Medical Journal Review
WAO Reviews – Editors' Choice
The WAO Reviews editors, Juan Carlos Ivancevich, MD, and John J. Oppenheimer, MD - FACAAI - FAAAAI, select articles on a monthly basis for their importance to clinicians who care for patients with asthma and allergic/immunologic diseases.
Exposure frequency, intensity, and duration: What we know about work-related asthma risks for healthcare workers from cleaning and disinfection
Wilson AM, Ogunseye O, Fingesi T et al
Journal of Occupational and Environmental Hygiene 2023; Published online ahead of print (6 July)
In this review the authors explore the current evidence related to three exposure assessment concepts: frequency, intensity, and duration (latency) for cleaning and disinfection exposures in healthcare and subsequent work-related asthma risks. Three databases were searched: Embase, PubMed, and the Cumulative Index to Nursing and Allied Health Literature (CINAHL) database. Data were extracted related to three main components of risk assessment. They found that the latency periods for occupational asthma were exponentially distributed, with a mean waiting time (1/λ) of 4.55 years. No extracted concentration data were above occupational exposure limits except for some formaldehyde and glutaraldehyde concentrations. Data from included sources also indicated some evidence for a dose-response relationship regarding increased frequency yielding increased risk, but this relationship was unclear due to potential confounders (differences in role/task and associated exposure) and the healthy worker effect. The authors stress that more data are needed to understand how demographic variables; and task, role, as well as chemical type vary this distribution. Furthermore, they note that contributions of latency to risk will inform work-related asthma monitoring efforts and risk perception research that has the potential for connecting exposure intensity, frequency, and duration to probabilities of work-related asthma outcomes.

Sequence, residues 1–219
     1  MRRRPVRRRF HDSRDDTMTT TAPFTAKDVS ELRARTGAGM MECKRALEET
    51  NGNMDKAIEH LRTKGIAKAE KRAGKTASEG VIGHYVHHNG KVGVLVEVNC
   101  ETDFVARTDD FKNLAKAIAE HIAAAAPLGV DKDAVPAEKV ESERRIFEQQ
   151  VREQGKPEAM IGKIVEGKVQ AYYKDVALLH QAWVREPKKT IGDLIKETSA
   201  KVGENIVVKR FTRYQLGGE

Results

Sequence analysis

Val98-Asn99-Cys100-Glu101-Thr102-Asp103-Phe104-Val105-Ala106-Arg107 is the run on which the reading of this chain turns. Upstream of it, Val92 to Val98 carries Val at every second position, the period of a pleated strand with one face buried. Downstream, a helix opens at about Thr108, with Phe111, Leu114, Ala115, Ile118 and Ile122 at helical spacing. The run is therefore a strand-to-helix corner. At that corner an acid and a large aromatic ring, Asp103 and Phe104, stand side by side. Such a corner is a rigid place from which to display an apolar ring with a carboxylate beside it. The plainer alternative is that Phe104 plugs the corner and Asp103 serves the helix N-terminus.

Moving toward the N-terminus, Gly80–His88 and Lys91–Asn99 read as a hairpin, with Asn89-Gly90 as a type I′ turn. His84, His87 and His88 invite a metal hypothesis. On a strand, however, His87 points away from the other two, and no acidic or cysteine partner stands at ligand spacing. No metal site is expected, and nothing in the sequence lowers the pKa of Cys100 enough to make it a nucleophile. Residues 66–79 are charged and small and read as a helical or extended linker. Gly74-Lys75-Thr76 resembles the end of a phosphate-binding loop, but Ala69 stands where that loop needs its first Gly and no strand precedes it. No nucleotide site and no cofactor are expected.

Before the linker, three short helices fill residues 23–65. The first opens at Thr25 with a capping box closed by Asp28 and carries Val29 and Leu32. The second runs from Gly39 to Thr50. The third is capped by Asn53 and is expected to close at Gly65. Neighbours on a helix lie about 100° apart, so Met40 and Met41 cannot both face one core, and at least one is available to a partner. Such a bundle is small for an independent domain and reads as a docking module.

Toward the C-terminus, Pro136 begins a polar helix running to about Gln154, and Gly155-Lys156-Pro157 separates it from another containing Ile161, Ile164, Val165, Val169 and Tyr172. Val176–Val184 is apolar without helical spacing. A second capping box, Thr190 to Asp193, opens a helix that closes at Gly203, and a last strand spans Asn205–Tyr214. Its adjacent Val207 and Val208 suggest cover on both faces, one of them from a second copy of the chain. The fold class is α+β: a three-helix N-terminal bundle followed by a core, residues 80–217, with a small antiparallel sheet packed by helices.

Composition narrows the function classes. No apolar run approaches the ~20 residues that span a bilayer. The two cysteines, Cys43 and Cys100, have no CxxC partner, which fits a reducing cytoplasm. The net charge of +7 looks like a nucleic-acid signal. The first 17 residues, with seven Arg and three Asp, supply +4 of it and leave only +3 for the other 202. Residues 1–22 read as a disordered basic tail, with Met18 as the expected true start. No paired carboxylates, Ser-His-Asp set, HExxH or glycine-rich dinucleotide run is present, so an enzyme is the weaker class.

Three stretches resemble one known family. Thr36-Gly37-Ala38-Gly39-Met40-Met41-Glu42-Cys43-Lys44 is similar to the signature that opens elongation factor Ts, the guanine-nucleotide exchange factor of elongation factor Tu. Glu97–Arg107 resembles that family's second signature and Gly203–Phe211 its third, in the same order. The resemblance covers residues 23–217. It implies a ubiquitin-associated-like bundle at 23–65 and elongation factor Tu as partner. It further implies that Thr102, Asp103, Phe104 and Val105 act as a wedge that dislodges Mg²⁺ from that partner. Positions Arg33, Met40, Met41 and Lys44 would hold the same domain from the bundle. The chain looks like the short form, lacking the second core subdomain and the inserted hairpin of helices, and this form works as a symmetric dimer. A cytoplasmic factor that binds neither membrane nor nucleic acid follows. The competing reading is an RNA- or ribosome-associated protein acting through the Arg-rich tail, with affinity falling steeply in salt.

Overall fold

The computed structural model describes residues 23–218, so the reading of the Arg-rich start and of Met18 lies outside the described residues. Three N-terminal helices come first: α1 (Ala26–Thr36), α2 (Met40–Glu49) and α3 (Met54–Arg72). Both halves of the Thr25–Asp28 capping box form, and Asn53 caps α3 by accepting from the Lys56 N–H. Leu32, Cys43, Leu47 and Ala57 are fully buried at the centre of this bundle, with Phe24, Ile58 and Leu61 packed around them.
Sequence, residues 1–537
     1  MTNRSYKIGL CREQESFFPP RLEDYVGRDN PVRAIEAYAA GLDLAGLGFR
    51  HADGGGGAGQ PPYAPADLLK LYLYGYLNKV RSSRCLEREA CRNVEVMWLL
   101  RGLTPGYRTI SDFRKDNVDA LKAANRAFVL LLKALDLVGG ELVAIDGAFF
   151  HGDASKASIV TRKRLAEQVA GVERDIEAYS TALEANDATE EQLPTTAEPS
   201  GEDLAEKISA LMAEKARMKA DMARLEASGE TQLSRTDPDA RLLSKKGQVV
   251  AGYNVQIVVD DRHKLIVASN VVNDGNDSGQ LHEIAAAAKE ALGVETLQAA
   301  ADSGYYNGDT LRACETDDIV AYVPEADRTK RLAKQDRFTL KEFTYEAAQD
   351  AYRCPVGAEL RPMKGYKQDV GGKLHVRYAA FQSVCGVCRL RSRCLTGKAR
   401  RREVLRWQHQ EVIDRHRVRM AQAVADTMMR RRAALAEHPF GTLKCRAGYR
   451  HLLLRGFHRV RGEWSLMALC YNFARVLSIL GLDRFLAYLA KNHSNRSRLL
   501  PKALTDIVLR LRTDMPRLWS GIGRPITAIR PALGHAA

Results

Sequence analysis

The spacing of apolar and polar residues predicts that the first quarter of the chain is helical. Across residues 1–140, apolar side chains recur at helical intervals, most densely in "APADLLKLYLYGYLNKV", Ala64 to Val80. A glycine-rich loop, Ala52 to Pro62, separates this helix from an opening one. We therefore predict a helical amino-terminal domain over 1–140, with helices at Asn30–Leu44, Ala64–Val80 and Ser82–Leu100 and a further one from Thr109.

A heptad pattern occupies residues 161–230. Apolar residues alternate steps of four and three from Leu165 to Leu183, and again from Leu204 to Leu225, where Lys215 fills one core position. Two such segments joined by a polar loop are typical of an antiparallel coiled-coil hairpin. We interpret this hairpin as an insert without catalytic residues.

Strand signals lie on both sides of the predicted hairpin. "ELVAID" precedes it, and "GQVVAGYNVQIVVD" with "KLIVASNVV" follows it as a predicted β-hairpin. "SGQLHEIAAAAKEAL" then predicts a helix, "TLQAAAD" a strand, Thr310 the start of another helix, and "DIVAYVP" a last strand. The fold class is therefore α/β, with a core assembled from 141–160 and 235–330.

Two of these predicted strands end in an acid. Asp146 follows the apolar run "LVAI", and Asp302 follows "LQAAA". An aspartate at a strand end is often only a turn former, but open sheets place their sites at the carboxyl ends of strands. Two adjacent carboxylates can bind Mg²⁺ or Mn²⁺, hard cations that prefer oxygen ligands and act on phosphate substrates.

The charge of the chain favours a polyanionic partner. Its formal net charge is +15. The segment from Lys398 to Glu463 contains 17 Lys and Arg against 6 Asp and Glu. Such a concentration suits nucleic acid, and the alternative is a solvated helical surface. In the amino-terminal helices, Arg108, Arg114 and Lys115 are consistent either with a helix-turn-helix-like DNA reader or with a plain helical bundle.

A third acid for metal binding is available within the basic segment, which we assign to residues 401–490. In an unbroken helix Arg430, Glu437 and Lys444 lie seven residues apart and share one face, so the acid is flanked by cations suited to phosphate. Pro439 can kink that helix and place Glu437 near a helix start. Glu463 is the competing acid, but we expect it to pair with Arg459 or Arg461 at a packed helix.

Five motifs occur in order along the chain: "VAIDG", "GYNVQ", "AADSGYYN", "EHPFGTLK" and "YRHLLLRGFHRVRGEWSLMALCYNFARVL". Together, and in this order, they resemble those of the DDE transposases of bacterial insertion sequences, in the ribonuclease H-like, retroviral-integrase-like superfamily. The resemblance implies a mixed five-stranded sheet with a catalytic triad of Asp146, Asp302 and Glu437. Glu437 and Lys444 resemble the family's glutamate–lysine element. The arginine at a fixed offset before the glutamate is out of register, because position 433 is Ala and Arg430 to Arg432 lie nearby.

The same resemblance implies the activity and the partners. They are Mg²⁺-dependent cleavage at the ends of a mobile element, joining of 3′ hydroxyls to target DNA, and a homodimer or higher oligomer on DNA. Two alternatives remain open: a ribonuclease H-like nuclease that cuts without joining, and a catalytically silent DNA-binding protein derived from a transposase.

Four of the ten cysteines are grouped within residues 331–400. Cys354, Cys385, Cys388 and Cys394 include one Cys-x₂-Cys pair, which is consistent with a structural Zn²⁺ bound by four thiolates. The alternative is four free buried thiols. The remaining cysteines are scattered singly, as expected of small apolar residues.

LMAN1 is a receptor for house dust mite allergens
Miller MH, Swaby LG, Vailoces VS et al
Cell Reports 2023;42(3):112208 (3 March)
The development of therapies with the potential to change the allergic asthmatic disease course will require the discovery of targets that play a central role during the initiation of an allergic response, such as those involved in the process of allergen recognition. In attempt to better understand potential targets in house dust mites (HDM), Miller and colleagues utilized the glycocapture technique to screen for house dust mite (HDM) receptors and identified LMAN1 as a candidate. They verified the ability of LMAN1 to directly bind HDM allergens and demonstrated that LMAN1 is expressed on the surface of dendritic cells (DCs) and airway epithelial cells (AECs) in vivo. Overexpression of LMAN1 downregulates NF-kB signaling in response to inflammatory cytokines or HDM. HDM promotes binding of LMAN1 to the FcRg and recruitment of SHP1. They also found that peripheral DCs of asthmatic individuals show a significant reduction in the expression of LMAN1 compared with healthy controls. These findings have potential implications for the development of therapeutic interventions for atopic disease.
Mechanisms of allergen immunotherapy and potential biomarkers for clinical evaluation
Sahiner UM, Giovannini M, Escribese MM et al
Journal of Personalized Medicine 2023;13(5):845 (17 May)